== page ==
Noyes, Minnesota is the most northwestern settlement in Minnesota. It sits right on the Canadian border, and just across the Red River from Pembina, North Dakota, two miles west. Although there are inhabited farmsteads in the area, there are very few residents (we only saw two inhabited places) in the actual town, largely due to the closure of the former Port of Entry station from Emerson, Manitoba.
In 2003, the Canadian government closed the Emerson Port of Entry. Three years later, the United States closed the Noyes station, shuttering this border crossing for good and moving operations west to Pembina. Near the end of its life, this station handled three trucks, three trains, fifty vehicles, and 154 passengers per day.
The old Port of Entry building is for sale.
Within sixty seconds of our arrival at the border, a US Border Patrol truck showed up and checked us out. We don’t really know if it was just a coincidence, or if they’re really that vigilant.
Looking south from the Canadian point-of-view.
We’d be willing to bet that despite this border station being abandoned, those cameras are still feeding video.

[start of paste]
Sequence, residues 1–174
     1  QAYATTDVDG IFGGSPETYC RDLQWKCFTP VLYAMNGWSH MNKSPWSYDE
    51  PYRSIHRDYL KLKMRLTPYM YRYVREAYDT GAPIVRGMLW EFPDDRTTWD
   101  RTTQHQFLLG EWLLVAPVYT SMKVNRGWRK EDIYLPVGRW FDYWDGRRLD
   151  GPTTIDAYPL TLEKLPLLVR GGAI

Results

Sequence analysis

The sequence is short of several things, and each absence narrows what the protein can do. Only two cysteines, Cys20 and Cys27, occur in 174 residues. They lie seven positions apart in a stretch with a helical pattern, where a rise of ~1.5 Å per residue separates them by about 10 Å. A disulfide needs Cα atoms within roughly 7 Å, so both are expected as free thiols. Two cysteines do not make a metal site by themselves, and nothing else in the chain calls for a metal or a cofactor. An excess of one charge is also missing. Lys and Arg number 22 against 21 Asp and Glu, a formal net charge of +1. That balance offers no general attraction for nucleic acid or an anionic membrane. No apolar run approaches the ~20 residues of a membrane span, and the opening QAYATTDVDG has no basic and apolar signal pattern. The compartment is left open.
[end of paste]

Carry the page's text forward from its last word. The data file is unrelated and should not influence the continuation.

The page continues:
Whoever buys this is gonna have a sweet eight stall garage
This small stone obelisk marks the US/Canadian border.
A locked gate blocks the road to Emerson and a closed Canadian port.
Three steps through that gap and we would be illegally in Canada.
Fargo resident James Sprague explained these ‘tracks’ in the road to us: These tar covered lines in the pavement are likely from inductance sensing loops. They detect the changes in magnetic field caused by a vehicle, person or anything with iron/steel content crossing over them. Most common applications are ground loops for traffic control signals and perimeter monitoring in security systems.
This former roadside garden and flag pole is barely recognizable after only seven years of abandonment.
In your mind’s eye, you can imagine the vehicles that once lined up on busy holiday weekends with their windows down and the radio playing, families heading to a favorite destination across the border… now only a memory.
Back in the day, this probably would have been your last chance to get gas before entering Canada and paying by the liter.
The Noyes depot is still in operation under the command of the Pembina Port of Entry staff. Trains coming from Canada are processed here.
We don’t really have an explanation for it, but we left with a jittery kind of uneasy feeling after visiting Noyes. It’s not hard to imagine you’re living post-apocalypse when visiting abandoned government facilities like this. It also reminded us of another closed border crossing we once visited — Northgate, North Dakota.
Photos by Troy Larson and Terry Hinnenkamp, copyright Sonic Tremor Media LLC